Arturia’s KeyLab 25 is one of three controllers (Keylab 25, Keylab 49 & Keylab 61) in Arturia’s latest controller product line, the KeyLab Series. With a small foot print and loaded with features designed to make beat making and composing a lot more streamlined, the KeyLab 25 (which comes with Analog Lab and 5000 presets) is a good value, strong workhorse and a damn good looking compact hybrid synth.


The KeyLab 25 is billed as the best of the best in “COMPACT HYBRID SYNTHESIS”. Arturia comes right out of the gate in declaring “KeyLab 25  is small in size but big on features. It is designed to allow you the control you need, in a smaller, professionally built package.” I’d have to agree but it is worth noting that the Keylab 25, while touting a small footprint is not a really mobile hybrid synth / controller. It is small but it is so well built with its metal chassis, full size keys and wood sides (hmmm, wood composite with woodgrain laminate finish maybe? wood none-the-less though.) that it is sort of weighty for a controller. Thats not a complaint, it’s merely an observation. KeyLab 25 weighs in at just under 9lbs. I find it hard to imagine the Keylab 25 as a mobile (back pack it and bounce) controller. But for all intents and purposes in the lab (beat maker speak for studio proper) the Keylab 25 seems to be the perfect piece to pair with your MPC or Maschine. It fits perfectly beside any groove box and won’t hog up the sort of space that an equivalently well made premium controller “hybrid synth” would on anyones desk.

As the smaller of the three, the KeyLab 25 does not have 16 pads on its top panel. Although, I’d love to have seen pads on the KeyLab 25, I understand that space is limited on a 25 key controller. I don’t suspect I would have been happy to see those 16 pads or even 12 pads on top if it meant that the knobs and faders would have to be crammed up on there. As it stands the KeyLab 25‘s top panel and interface is nicely laid out.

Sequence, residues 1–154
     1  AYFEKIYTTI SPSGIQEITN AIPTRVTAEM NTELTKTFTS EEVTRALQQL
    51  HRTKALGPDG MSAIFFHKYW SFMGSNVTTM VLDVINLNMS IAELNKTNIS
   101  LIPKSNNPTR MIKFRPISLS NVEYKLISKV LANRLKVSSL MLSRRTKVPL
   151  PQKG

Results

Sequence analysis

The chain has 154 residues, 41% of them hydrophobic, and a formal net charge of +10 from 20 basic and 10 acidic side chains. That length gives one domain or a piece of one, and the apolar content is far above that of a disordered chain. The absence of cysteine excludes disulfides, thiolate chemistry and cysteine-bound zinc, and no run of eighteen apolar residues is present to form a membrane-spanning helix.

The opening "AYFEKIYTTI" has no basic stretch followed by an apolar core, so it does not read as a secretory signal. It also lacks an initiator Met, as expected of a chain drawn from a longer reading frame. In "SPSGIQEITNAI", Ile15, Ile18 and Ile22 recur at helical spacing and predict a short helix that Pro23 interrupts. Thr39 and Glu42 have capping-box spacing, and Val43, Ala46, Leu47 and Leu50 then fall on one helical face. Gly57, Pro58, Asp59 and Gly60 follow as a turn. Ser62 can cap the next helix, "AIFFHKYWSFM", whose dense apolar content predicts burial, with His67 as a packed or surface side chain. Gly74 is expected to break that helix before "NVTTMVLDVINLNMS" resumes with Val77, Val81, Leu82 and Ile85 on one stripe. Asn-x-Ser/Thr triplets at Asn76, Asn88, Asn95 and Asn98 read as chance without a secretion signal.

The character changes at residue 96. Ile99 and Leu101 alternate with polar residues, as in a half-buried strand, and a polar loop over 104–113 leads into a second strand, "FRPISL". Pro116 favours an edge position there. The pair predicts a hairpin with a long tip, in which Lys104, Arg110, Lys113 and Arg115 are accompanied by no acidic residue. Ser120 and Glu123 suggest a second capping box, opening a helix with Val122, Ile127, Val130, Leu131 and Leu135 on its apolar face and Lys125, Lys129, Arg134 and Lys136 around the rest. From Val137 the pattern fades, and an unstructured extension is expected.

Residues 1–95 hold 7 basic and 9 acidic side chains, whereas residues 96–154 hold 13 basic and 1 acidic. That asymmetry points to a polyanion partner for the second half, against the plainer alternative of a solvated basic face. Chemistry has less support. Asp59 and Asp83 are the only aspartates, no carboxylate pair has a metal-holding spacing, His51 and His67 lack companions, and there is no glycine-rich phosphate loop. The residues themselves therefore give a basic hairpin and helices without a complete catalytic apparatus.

To the top left next to the small but adequate 32 characters / 2 lines display there is the Category and Preset knobs. These two knobs are clicky/notched for selecting values. Those little clicks come in handy when scrolling thru the 5000 presets. They can be pressed in to select sounds and presets.

Beneath the display there are 3 buttons marked Sound, Multi & Edit. In the Analog Lab software these 3 buttons correspond directly those features in the program. Beneath those buttons are 10 programmable switches and the transport buttons.


To the right is the farm of knobs and sliders. More specifically, there are 2 banks of 9 sliders that can be programmed to precisely control a software organ’s drawbars. By default in the Analog Lab software the sliders serve as and are mapped to control the Filter – Attack, Delay, Sustain & Release (ADSR) and the Amp ADSR with the final slider left up to your desired parameter. There are 2 rows of 5 very smooth rotary encoder knobs. These 10 knobs are turn into 20 knobs when taking into consideration that they also correspond to the Bank 1 and Bank 2 buttons. 6 of them are pre-mapped in Analog Lab to control Cutoff, Resonance, LFO Rate, LFO Amount, Chorus Amount & Delay Amount.